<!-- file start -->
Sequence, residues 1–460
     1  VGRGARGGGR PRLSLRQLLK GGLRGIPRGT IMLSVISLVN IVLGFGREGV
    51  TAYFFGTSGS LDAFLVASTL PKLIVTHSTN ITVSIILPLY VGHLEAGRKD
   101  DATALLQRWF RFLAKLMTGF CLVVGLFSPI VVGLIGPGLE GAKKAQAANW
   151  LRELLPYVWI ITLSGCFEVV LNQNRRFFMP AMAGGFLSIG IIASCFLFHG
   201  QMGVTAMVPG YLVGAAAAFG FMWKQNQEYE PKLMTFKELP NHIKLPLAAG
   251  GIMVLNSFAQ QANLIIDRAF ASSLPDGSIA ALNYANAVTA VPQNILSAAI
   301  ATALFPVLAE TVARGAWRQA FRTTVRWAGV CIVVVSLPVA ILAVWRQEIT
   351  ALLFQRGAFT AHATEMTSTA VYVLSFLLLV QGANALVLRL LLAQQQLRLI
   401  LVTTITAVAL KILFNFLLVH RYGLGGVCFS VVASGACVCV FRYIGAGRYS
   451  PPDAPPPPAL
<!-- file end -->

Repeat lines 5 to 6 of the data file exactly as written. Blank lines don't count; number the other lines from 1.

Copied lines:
   151  LRELLPYVWI ITLSGCFEVV LNQNRRFFMP AMAGGFLSIG IIASCFLFHG
   201  QMGVTAMVPG YLVGAAAAFG FMWKQNQEYE PKLMTFKELP NHIKLPLAAG